At least we could understand the radio, since it was in English. Apparently tons of people from England live in and around Málaga, so the place is practically bilingual. Radio stations, advertisements, store names—English is all over the place.

Before our trip, a friend of ours had told us that the province of Málaga is his absolute favorite, so we decided to spend two of our three days there taking day trips to other cities in the area. The first of these was Nerja.

Nerja is a short bus-ride from Málaga. The bus station is at Vialia, which I think is the central transportation hub in the city, for both buses and trains. We tried to get up early to go, but we were both feeling so tired and lazy that we didn’t end up getting to the bus station until 11 o’clock in the morning.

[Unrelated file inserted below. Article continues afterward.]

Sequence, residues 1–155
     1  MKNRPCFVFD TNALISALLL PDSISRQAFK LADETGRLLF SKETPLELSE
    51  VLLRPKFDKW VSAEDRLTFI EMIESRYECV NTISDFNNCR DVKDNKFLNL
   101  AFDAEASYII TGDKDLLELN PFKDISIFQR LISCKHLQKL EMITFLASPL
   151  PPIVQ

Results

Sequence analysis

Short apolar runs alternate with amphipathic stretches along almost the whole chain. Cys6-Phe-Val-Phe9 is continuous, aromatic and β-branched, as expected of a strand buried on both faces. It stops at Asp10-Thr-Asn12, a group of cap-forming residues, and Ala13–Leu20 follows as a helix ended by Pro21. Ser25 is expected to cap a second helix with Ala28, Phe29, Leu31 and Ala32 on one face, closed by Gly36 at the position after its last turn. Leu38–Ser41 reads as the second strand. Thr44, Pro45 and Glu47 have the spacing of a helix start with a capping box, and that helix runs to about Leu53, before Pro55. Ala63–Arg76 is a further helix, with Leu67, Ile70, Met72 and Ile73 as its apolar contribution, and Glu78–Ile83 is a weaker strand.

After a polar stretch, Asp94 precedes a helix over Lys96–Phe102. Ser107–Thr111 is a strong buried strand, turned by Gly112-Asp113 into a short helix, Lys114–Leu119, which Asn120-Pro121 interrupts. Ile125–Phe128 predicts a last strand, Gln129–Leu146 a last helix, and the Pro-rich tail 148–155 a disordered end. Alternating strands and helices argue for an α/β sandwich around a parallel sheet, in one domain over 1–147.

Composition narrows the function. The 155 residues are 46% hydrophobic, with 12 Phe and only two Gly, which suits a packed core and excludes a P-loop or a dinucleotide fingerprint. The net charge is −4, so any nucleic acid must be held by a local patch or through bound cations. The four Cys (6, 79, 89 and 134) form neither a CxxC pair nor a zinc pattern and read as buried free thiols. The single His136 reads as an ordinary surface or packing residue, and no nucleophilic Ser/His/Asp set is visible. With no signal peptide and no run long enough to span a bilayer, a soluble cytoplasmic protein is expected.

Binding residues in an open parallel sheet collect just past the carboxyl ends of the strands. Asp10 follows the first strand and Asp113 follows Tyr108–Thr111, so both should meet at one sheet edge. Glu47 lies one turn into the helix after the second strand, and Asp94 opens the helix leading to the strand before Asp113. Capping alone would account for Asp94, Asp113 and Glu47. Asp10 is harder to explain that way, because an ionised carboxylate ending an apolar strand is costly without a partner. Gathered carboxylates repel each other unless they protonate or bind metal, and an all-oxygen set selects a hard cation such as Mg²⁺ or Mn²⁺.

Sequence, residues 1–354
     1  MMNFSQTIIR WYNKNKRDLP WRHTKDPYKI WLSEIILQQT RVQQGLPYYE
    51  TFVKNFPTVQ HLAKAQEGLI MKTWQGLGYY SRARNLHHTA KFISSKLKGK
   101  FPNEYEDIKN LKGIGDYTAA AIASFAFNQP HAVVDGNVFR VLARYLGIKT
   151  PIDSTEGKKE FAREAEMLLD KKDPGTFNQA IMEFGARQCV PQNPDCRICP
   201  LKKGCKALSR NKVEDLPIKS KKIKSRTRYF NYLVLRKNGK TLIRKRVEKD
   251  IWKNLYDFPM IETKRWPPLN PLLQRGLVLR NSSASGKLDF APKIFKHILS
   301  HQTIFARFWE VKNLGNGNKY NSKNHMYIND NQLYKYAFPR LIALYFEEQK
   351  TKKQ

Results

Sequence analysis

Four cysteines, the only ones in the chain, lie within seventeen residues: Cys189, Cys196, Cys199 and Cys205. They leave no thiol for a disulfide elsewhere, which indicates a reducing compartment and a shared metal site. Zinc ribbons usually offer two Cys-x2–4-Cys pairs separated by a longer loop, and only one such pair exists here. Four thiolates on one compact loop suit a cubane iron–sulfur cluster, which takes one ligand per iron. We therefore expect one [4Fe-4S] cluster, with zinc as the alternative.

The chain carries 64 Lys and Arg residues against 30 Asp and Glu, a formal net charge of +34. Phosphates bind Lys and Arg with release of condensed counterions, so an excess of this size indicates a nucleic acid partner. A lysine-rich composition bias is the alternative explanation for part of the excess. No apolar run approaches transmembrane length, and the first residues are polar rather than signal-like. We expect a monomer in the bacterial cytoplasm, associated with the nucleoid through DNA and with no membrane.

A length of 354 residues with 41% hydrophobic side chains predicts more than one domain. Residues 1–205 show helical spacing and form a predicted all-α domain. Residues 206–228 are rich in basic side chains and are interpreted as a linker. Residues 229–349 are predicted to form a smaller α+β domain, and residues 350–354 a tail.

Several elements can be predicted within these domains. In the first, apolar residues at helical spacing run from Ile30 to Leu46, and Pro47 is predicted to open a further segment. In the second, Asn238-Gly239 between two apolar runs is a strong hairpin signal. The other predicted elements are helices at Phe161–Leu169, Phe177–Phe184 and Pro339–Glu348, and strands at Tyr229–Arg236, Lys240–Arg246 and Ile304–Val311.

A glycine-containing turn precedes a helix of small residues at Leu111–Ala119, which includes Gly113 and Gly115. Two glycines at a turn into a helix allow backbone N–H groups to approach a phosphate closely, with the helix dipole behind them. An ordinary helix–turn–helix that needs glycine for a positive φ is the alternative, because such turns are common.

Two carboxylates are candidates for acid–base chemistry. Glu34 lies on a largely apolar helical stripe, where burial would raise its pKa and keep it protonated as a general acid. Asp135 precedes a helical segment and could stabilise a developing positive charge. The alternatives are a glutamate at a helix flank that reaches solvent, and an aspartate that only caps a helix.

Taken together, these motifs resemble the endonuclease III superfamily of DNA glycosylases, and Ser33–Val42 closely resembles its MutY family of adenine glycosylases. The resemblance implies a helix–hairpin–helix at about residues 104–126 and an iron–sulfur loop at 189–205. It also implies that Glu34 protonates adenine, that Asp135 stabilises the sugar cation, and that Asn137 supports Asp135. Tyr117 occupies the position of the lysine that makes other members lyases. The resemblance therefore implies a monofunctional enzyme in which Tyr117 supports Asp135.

By the time we arrived at the station, I was an irritated, useless wreck. We had only bought breadsticks for breakfast; and when I don’t eat a good breakfast, I get cranky and childish; I get so frustrated and lightheaded that I can’t do anything. Add to this the thirty-minute walk from our Airbnb, and it makes for one very cranky me. I snapped at everything my girlfriend said, couldn’t pay attention long enough to locate our proper bus, and in general whined like a baby while my girlfriend was forced to do everything. Lucky for me, she did find the bus (while I was busy buying a sandwich) and soon we were on our way to Nerja.

Nerja is a coastal town on the Mediterranean. It’s mainly a tourist town now, so far as I can tell. Judging from what I overheard, almost every other person was from England or from Germany. Young, old, fat, skinny, well and poorly dressed, every species of tourist was present.